It may not have the comic grandeur of later SW parodies, but HARDWARE WARS as a short film/extended trailer zips along at a happy pace and looks great in its restored film quality (the best you’re ever going to see of it quality wise-it’ll certainly stand out after all the years it’s only been available to watch on VHS or on the bootleg front). I look at the endeavour in the same way that I look at an old sofa I’ve enjoyed sitting on. Yep, it may be a little frayed at the edges, there may be a part of the underside ready to fall off, but its still as comfy as ever, and will last just that little bit longer with a touch of faith!!

Regarded as one of the most profitable short spoofs of all time (it made nearly a million dollars from an $8,000 budget (a much better profit ratio than even the original STAR WARS come to think of it)), its also one of the few spoofs/ non STAR WARS authorized productions that LUCASFILM have actually been fond of, especially in those early day of the STAR WARS CORPORATION when Lucas’s lawyers were starting to sue anyone that they thought were treading on their commercial toes. To this day the film has continued to have the affection of George Lucas (who called it his favourite spoof on the UK THE BIG BREAKFAST chat show in 1999) and with such notable LUCASFILM employees/fans as Steve Sansweet and Pablo Hidalgo. I suspect Lucas likes it for its bravura film-making - because of the miracles that Fosselius has pulled off with such little money, and the kind of creative verve similar to his own when he was a youngster at USC when he was making his projects like THX:1138 EB: ELECTRONIC LABYRINTH. HARDWARE WARS has that kind of film school mentality and look about it, kind of like the way John Carpenter’s DARK STAR appealed and had that edge of humour representing the seventies.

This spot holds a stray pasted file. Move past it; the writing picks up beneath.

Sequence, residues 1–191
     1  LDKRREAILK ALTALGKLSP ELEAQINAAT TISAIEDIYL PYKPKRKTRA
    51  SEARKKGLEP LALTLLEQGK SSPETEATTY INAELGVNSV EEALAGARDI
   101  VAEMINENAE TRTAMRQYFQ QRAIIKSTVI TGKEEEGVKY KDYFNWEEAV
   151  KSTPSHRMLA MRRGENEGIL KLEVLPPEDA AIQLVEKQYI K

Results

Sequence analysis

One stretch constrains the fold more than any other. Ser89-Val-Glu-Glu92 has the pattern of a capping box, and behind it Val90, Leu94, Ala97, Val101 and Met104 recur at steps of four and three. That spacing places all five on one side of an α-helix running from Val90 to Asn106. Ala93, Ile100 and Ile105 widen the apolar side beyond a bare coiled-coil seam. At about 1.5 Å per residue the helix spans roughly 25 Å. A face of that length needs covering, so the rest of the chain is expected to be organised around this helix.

As an indication of how popular the spoof was with LUCASFILM, Fosselius even got the chance to partake in the real STAR WARS saga, when Ben Burtt invited him to voice the sobs of the Rancor Keeper crying over the death of his beloved pet during RETURN OF THE JEDI!! And, in 2003, HARDWARE WARS was honored by LUCASFILM when it was given the Pioneer Award at that year's Official Star Wars Fan Film Awards.

A basic but pleasing amount of extras with the film include a newly unearthed Director’s Cut as well as an “unauthorized” foreign language version/remake of the film that I think must have been re-dubbed by the Swedish Chef from THE MUPPET SHOW!!, there’s a short but fun commentary from the director that’s best described as comparing the film to high art touched with behind the scenes amnesia and reminisces about Canadian trout fishing!!!, two Creature Feature extras clips from 1978 in which Fosselius, acting in his position as a Video Laugh Specialist, goes onto an unknown US late night comedy chart show to talk with popular TV horror host Bob Wilkins about his work on the then upcoming HARDWARE WARS and the numerous (fake) merchandise being planned for release (the KENNER cardboard gift certificate gets a nice spoofing here, too!!), some of which I wished had been released-I loved the watch that gives you a continuous run down on the films box office receipts-I bet George Lucas and Alan Ladd Jr. wished they’d each had one of those back in 1977!

Rounding off the extras is a short but very amusing new piece that’s considered a prequel to HARDWARE WARS and set at an antiques sideshow in which we find out the real truth behind the saga and how HW influenced STAR WARS, and not the other way round!! And a special mention of the wonderful DVD sleeve with it’s cool re-use of the art cover tribute, again by Fosselius, to the classic Hildebrant Brothers/Tom Jung 1977 UK and US release STAR WARS posters, cross bred with the faded ripped poster look style similar to Drew Struzan’s 1978 SW “Circus” poster (complete with interior VHS tape on the back!! Very nicely done).

In it’s Thirtieth Anniversary director approved release from APPREHENSIVE FILMS, surely an up and coming label to look out for in the specialized world of cult releases, HARDWARE WARS has generally held up well and its reputation as one of the most important pieces of STAR WARS related 1970’s history remains undiminished. If you’ve got the budget for it, it’s certainly a nice presentation to add to your STAR WARS DVD collection.

AFICIONADO RATING: You'll laugh, you'll cry. You'll kiss three bucks goodbye..."
Old legends never die, and, like STAR WARS, HARDWARE WARS, despite all the amazing modern spoofs on the Saga that have proceeded it, continues to endure in all its funky, low budget retro film-making chutzpah. May the Farce be with you!! 8 out of 10